6. There seems to be a big counterfeit grip operation going on around the web. I ran into this myself, and eBay was not willing to contact other buyers of the counterfeit products (they will only take action if the buyer reports it themselves, but many buyers were happy with the product), so I'm posting here in hopes that word can start getting around. There's a stigma around bargain hunting on eBay that leads to shaming the buyer with the "what did you expect?" question, but counterfeits are not just a bargain-hunting problem. I know this is an active issue for Golf Pride, and they even say so on their own website, but it may affect other manufacturers as well. If you or someone you know purchased grips on eBay, Craigslist, Amazon, or another e-commerce site from a seller that's not an authorized retailer for that brand, they might be counterfeit - make sure the buyer is aware, and urge them to take action with the seller and/or platform if they end up being counterfeit. Obviously this is not going to affect 100% of purchases, but I bought a set of fake grips off of eBay, the specific eBay seller had a lot of similar grip auctions (even offering to sell me a second lot in a different color), and I saw a lot of listings from other sellers that looked nearly identical to mine (just with different models/colors). My mistake: I've been using Golf Pride MCC grips for a long time. I've trying to get my hands on some different colored grips for a while, sick of the stock color schemes from Golf Pride. I couldn't get my hands on Golf Pride's super limited stuff (e.g. I really wanted the PGA Championship color scheme, but who knows how many were actually made and how to get them) and the new MCC Teams color schemes aren't coming out until closer to mid-season, so I went searching. I found some MCC Whiteout grips on eBay in the Green/Yellow color scheme, which is something I remember seeing in the past (in fact, they are featured on the old GP YouTube video), so I took the bait -- I expected the material would hold up well enough over time, pricing was on the lower end but consistent with old clearance prices for the same grips at legitimate retailers, and other red flags didn't show as red until after I clicked "Buy" (e.g. listing claimed Idaho but product shipped from what appeared to be a UPS Store in Florida; when asked, seller could not tell me what year they were made). After receiving them, I looked a little deeper at GP specs and ran some tests -- I found cosmetic flaws (see photo 3 - lines don't match), inconsistent grip weights (GP said 49.5g, mine ranged from 51-55g), and even inconsistent grip lengths (weight differences appeared to be explained by length inconsistency - see photo 2, which shows a slight length difference). I had mostly decided that these were counterfeit, but I decided to contact Golf Pride directly to see if they could give me tips to determine authenticity and report it to them if they turned out counterfeit -- GP did way more than I expected, even accepting photos to review with their quality department to confirm they are, in fact, counterfeits. I gave them all the info I had to help with an investigation, but given the return address(es), I think the investigation is going to hit a dead end and these guys will continue selling a bad product. In the end, I got my refund and learned a lesson. A lot of others have fallen for the same thing but are unaware of the issue. Some might not care. Regardless of the situation, if you're looking for an alternative or just trying to save a few bucks, beware - I'm not saying definitely don't buy off of these sites, but if you do, use extra caution.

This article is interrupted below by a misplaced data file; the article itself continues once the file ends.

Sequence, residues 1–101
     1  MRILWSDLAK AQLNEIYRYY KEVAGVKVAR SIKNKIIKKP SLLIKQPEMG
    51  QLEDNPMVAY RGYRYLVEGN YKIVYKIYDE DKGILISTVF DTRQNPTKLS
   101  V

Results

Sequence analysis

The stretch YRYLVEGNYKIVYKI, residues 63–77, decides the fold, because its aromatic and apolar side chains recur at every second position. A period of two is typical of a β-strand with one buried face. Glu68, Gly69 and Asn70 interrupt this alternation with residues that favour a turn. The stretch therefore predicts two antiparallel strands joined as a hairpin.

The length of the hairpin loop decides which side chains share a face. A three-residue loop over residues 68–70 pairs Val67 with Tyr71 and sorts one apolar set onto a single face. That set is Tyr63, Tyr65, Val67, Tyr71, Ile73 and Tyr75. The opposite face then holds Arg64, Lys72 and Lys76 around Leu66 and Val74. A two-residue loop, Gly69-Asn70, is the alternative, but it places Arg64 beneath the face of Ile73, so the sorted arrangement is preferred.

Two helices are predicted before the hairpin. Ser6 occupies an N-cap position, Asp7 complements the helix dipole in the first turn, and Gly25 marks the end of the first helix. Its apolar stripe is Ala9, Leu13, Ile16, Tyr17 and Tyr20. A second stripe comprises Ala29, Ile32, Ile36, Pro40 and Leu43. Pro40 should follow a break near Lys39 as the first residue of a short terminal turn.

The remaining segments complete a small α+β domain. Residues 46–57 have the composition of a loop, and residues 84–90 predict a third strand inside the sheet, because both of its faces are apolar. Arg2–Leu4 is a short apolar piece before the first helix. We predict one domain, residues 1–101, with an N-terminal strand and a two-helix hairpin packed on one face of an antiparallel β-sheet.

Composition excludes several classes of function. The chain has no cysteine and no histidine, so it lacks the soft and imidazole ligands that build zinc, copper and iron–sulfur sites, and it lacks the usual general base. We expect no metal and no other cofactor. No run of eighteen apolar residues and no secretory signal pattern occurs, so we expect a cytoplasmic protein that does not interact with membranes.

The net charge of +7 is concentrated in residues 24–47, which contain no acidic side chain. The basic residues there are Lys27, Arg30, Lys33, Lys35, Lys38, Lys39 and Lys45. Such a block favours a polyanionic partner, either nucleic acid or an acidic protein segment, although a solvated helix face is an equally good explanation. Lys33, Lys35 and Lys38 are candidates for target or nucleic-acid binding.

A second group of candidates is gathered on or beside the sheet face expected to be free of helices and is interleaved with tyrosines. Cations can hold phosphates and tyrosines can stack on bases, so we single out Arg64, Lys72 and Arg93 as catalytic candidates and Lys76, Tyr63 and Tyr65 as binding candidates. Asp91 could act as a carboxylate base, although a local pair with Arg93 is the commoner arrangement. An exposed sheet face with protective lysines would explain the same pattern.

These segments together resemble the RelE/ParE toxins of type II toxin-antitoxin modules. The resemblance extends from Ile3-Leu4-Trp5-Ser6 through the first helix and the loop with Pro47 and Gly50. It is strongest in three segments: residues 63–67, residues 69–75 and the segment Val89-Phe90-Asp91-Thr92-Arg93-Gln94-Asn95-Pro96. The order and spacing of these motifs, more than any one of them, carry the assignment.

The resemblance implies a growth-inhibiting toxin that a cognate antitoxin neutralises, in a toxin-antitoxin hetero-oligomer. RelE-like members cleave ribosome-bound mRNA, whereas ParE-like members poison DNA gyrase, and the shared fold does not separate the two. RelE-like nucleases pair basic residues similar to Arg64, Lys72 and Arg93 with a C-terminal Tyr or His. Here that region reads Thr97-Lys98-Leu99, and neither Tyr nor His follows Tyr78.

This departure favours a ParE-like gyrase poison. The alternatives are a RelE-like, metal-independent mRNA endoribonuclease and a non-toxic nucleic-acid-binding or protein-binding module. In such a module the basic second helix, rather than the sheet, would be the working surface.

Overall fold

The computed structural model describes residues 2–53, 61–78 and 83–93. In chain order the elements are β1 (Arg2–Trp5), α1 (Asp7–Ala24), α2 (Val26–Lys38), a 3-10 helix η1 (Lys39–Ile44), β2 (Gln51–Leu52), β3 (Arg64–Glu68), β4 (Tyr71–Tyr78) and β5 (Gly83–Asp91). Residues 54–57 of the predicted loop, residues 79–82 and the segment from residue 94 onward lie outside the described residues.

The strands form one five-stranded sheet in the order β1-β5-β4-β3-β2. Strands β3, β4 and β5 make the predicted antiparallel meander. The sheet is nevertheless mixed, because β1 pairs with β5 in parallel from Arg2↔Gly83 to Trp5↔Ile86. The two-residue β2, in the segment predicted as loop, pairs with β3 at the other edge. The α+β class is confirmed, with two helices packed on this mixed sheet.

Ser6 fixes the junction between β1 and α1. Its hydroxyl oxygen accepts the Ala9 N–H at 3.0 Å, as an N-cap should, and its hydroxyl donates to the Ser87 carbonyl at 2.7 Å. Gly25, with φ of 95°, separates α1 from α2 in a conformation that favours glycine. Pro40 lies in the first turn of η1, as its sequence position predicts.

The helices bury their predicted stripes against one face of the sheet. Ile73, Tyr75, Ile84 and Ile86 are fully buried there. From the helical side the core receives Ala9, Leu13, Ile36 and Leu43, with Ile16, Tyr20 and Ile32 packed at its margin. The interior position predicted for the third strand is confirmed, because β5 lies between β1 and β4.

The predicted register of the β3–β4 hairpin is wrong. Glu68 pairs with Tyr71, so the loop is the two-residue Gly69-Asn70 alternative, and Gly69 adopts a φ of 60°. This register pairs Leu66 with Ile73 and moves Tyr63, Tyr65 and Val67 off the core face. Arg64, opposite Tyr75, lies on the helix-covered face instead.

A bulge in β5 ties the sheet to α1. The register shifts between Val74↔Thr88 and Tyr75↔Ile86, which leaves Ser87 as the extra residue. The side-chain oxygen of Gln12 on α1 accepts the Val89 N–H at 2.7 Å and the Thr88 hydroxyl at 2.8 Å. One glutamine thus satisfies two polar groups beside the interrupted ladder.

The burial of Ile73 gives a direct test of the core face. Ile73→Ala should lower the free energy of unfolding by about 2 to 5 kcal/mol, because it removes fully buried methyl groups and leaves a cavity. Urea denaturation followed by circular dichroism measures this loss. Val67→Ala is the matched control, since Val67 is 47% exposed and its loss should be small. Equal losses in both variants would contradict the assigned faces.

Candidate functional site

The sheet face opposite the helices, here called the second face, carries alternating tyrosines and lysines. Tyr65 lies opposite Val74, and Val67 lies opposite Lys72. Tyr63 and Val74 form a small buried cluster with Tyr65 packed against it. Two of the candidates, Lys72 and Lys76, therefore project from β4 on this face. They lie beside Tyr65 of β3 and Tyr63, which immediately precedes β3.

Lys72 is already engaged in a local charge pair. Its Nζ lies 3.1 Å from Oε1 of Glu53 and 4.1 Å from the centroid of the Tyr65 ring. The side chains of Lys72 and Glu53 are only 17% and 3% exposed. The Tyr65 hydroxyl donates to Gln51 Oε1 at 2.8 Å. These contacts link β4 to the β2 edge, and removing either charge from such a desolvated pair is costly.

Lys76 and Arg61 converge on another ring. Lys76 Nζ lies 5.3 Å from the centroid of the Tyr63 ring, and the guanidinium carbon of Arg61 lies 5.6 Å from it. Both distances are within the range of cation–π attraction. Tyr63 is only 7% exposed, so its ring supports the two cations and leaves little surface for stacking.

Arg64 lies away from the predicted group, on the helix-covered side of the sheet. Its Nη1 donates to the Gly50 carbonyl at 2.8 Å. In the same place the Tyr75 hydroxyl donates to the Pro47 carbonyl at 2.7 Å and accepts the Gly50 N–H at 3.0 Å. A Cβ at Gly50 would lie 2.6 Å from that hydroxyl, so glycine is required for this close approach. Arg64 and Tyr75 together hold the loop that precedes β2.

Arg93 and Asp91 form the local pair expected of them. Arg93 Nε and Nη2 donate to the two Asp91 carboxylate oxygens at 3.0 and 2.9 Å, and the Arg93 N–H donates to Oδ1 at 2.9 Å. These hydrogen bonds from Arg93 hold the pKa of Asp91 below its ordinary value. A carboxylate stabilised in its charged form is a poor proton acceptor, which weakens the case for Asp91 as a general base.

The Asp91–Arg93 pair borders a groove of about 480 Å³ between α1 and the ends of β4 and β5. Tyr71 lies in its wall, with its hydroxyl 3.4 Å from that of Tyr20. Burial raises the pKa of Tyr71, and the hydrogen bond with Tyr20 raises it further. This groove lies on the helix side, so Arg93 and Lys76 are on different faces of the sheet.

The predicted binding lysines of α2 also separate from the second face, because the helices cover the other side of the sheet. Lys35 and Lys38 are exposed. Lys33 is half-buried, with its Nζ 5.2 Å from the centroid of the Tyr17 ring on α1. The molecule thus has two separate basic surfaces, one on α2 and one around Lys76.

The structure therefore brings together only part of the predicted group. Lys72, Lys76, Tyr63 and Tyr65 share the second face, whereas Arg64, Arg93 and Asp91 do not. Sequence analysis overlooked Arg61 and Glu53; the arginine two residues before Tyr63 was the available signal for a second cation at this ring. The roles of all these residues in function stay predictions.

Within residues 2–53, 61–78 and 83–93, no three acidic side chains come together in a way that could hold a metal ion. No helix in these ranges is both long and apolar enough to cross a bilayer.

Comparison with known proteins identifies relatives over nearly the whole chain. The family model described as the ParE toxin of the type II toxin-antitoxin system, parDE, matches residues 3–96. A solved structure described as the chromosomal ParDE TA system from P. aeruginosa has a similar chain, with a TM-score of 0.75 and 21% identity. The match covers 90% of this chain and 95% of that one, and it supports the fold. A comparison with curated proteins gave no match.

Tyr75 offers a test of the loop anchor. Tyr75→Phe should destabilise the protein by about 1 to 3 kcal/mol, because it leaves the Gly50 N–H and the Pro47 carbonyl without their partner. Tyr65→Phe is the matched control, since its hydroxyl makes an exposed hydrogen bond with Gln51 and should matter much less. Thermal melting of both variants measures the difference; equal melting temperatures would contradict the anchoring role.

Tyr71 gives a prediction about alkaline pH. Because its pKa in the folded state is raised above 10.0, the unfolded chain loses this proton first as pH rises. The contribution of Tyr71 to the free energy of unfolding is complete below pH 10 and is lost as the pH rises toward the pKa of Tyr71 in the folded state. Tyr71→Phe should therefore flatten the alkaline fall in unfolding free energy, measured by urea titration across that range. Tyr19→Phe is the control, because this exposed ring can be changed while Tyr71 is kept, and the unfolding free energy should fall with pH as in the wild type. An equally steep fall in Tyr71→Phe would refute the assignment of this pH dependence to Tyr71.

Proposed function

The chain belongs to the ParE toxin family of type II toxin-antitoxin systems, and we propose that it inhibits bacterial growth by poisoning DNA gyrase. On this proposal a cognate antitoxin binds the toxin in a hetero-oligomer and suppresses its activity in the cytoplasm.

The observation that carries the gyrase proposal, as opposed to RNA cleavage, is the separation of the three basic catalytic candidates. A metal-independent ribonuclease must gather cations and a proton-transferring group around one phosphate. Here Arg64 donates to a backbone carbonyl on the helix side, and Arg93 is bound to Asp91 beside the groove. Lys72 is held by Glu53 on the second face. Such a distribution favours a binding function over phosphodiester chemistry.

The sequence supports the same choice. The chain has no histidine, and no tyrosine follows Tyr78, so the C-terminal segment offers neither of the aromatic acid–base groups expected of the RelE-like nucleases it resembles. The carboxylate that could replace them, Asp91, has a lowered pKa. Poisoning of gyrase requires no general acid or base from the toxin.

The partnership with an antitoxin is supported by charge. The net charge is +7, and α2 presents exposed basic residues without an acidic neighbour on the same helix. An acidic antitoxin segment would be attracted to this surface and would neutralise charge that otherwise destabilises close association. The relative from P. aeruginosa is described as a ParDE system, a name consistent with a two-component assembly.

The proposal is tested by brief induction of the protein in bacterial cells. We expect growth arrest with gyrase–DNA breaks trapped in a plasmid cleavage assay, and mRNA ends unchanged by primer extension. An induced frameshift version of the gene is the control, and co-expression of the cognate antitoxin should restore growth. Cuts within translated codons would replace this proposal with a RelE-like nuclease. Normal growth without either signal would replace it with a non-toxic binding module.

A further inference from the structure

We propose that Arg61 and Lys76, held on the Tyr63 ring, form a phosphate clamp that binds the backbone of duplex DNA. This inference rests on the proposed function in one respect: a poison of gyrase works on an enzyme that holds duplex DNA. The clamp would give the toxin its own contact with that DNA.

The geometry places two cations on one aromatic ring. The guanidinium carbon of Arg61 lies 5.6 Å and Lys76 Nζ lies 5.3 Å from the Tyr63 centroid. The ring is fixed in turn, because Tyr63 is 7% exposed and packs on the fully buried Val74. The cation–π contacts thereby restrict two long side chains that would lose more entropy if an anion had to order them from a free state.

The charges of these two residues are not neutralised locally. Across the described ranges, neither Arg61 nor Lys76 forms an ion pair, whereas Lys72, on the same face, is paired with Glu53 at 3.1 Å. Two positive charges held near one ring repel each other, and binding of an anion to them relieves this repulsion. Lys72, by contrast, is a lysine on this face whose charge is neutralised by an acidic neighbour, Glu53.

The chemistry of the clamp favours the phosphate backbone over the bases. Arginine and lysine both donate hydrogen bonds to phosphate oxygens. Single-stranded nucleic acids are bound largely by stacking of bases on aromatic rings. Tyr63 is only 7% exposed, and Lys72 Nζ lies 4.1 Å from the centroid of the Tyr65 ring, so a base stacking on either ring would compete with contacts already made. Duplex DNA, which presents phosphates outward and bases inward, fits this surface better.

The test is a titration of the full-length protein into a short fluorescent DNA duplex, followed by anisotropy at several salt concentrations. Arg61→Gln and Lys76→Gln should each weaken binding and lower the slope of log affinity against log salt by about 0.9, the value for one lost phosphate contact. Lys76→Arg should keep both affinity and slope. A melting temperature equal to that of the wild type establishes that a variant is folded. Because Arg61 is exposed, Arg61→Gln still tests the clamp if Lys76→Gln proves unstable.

7. I'm a fan - I've been looking for new color schemes for quite some time, and just recently got burned looking for them. I'm temporarily trying out some Super Stroke grips while I wait for these ones. Even though I went to FSU, I'm probably going to get a variety of colors and might avoid the FSU-style grip (with no logos I actually prefer the other colors). In my recent back/forth with Golf Pride, it sounds like the Standard will be released sometime in May. Of course, outside factors could delay things, but that's the latest I heard.